The Robinson-Rose House, a rebuilt structure after the original one was constructed in 1853, is a two-story building in the historic Old Town San Diego State Historic Park and now serves as the park's visitor center. The original building was constructed by by attorney James Robinson, who was a prominent citizen of San Diego and played an important role in the city's growth and development. Another man and acquaintance of James, Louis Rose, lived in the house beginning in 1868.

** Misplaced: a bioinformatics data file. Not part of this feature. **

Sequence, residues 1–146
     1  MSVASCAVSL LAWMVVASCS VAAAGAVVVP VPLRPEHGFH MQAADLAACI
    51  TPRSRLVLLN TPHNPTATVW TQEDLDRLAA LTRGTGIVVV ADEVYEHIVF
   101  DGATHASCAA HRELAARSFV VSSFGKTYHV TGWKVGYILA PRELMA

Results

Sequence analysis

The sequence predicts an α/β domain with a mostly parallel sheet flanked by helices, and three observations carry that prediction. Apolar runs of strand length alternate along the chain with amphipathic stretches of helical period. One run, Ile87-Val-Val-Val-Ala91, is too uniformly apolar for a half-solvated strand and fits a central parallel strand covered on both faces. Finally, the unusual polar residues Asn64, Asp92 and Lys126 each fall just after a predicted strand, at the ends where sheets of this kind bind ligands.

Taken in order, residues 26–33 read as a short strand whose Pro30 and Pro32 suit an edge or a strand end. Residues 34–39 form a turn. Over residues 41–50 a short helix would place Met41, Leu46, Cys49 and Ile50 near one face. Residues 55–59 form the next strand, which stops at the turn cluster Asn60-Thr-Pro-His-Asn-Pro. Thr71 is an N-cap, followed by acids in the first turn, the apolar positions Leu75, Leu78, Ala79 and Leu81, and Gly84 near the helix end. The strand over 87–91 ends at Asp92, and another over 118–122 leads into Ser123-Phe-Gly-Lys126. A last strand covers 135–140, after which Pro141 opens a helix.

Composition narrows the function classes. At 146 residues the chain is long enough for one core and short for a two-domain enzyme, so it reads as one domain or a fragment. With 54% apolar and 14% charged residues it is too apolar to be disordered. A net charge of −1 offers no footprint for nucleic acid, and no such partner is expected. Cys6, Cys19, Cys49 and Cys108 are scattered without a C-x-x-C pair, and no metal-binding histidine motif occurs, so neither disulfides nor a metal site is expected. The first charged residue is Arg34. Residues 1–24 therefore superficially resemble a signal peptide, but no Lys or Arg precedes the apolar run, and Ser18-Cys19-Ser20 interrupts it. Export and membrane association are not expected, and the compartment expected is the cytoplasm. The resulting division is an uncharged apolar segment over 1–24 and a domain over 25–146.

Beginning in the 1850s, James and Louis sensed that San Diego could become an important economic center. They also hoped that San Diego could become a new state capital, with Hawaii and Baja California comprising the new state. Both surmised that San Diego would be either the terminus or headquarters of a transcontinental railroad; the house was built in anticipation of this. However, drought, floods, economic instability and the Civil War completely stymied these hopes. James died in 1857 and his widow Sarah Robinson sold the building to Louis Rose in 1868. Fire destroyed the roof in 1874 and the building was abandoned by 1900 and eventually demolished. The building was reconstructed in 1989 to be Old Town's visitor center. A highlight in the center is a model of Old Town as it looked in 1872. Over the years the building served a law office, medical office, jail, school, newspaper office, store, apartment and the County Clerk's office.